Editor’s Note: This article originally appeared on Order from Chaos.
Israelis have just voted in what in many ways were vibrant democratic elections. Indeed, Americans could learn a lot from Israel when it comes to democracy: Israelis are automatically registered to vote, they get the day off to vote, and they get free intercity transportation to vote if they need it.
That’s the good news, and I wish we had all that here in America. But there’s also bad news. As the saying goes, bad things often come in threes—and that has certainly been true here.
First, the way the campaign was conducted: Israel’s long-time Prime Minister Benjamin Netanyahu, who is desperate to cling to power to avoid punishment for impending indictments on multiple counts, undertook a campaign that crossed multiple red lines that have alienated even his traditional supporters in the United States like AIPAC. Netanyahu not only built an alliance between his Likud party with a coalition that includes the ultra-racist Otzma Yehudit party, which draws inspiration from terrorist groups, but declared the coalition Likud’s single closest ally, forging a vote-sharing agreement with them to share surplus votes. Although Otzma Yehudit won’t actually end up with a seat in the Knesset—unless a couple of members of its alliance resign from the Knesset—their ultra-right-wing coalition bedfellows in Tkuma and the Jewish Home Party will likely form a core part of Netanyahu’s government.
Second, as if that weren’t bad enough, Netanyahu also effectively declared an end to the two-state paradigm that has undergirded the U.S.-supported Oslo peace process for the past quarter of a century by declaring: “All the settlements, without exception, those that are in blocs and those that aren’t, need to remain under Israeli sovereignty.” Although it may just be campaign sloganeering, we all need to be clear that Israeli sovereignty over all the Israeli settlements would make it impossible to create a Palestinian state.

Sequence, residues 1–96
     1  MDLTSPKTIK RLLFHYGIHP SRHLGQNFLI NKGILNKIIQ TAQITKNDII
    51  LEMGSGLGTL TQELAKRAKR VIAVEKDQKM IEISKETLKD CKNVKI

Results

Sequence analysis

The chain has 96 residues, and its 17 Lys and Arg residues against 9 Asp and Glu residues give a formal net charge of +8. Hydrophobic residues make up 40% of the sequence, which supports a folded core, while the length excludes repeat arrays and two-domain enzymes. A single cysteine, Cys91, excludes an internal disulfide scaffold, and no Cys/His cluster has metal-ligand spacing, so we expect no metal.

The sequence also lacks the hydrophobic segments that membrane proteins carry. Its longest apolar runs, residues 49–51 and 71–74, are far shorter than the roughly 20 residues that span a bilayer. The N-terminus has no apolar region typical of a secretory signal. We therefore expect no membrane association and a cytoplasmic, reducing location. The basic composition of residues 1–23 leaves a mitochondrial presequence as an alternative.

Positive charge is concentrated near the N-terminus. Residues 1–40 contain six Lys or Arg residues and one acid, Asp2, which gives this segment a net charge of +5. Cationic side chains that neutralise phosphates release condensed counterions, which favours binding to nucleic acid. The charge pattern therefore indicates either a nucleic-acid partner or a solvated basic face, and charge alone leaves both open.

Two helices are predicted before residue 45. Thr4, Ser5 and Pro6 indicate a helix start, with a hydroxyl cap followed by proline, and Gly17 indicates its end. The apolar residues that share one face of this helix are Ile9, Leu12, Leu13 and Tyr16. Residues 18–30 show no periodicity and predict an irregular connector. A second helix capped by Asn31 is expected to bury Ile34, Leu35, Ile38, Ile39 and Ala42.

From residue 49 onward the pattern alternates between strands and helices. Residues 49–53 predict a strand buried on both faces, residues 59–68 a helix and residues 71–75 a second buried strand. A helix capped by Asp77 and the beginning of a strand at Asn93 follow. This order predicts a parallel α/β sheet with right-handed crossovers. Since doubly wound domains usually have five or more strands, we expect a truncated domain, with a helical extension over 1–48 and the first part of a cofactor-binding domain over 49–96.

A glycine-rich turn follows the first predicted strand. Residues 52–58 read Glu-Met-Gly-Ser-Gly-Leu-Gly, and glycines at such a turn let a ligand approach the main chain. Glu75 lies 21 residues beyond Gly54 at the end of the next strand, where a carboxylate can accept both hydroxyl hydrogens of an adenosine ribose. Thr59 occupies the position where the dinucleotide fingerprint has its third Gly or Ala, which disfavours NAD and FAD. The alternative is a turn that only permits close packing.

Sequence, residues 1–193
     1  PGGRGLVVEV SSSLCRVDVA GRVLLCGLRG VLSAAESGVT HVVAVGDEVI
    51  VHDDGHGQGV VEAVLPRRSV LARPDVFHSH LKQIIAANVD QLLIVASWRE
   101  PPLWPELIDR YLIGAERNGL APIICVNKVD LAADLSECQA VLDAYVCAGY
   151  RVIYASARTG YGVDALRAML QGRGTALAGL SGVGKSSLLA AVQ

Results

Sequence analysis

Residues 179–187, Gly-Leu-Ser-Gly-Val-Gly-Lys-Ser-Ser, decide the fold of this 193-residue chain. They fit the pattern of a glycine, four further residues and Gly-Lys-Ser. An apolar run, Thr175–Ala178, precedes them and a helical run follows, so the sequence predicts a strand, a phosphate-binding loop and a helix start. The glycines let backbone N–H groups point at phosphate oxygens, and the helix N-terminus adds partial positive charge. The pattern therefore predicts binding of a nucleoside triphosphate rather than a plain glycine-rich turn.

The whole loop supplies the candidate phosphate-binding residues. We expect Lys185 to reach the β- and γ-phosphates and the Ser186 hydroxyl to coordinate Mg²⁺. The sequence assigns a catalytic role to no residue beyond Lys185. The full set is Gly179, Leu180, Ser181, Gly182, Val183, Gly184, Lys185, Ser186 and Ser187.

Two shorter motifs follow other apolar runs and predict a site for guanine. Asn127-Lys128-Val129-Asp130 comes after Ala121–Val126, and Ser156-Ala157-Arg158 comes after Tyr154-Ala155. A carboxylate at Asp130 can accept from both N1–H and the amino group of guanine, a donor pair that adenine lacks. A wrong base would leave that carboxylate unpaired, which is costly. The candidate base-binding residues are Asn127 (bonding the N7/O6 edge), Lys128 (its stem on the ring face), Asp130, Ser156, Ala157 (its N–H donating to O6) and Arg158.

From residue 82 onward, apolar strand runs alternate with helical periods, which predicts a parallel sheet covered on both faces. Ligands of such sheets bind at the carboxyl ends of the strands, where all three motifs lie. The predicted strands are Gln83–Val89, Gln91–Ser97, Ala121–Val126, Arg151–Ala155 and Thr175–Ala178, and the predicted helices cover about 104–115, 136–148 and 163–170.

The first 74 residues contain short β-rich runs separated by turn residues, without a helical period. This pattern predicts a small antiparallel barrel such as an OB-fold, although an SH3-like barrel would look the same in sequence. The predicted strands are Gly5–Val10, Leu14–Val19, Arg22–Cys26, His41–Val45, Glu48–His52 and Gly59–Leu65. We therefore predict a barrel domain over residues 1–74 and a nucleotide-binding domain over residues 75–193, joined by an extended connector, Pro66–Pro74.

Third, even if Netanyahu is not able to form a coalition government in Israel, none of his main opponents have said they would reverse the ever-expanding Israeli settlements in the West Bank, which are a growing threat to the prospects for Israeli-Palestinian peace. Even without annexation this year, the growth of settlements make annexation all the more likely. Since the Oslo Accords were signed on the White House lawn in 1993, the number of Israeli settlers in the West Bank alone has more than tripled, from 116,000 to over 413,000 in 2017. Further, as Secretary of State John Kerry stated at the end of his tenure, this included “100,000 just since 2009 when President Obama’s term began.” Kerry added: “Nearly 90,000 settlers are living east of the separation barrier that was created by Israel itself. In the middle of what, by any reasonable definition, would be the future Palestinian state. And the population of these distant settlements has grown by 20,000 just since 2009.” In other words, the difficulty of separation—and the likelihood of annexation—is growing stronger day by day.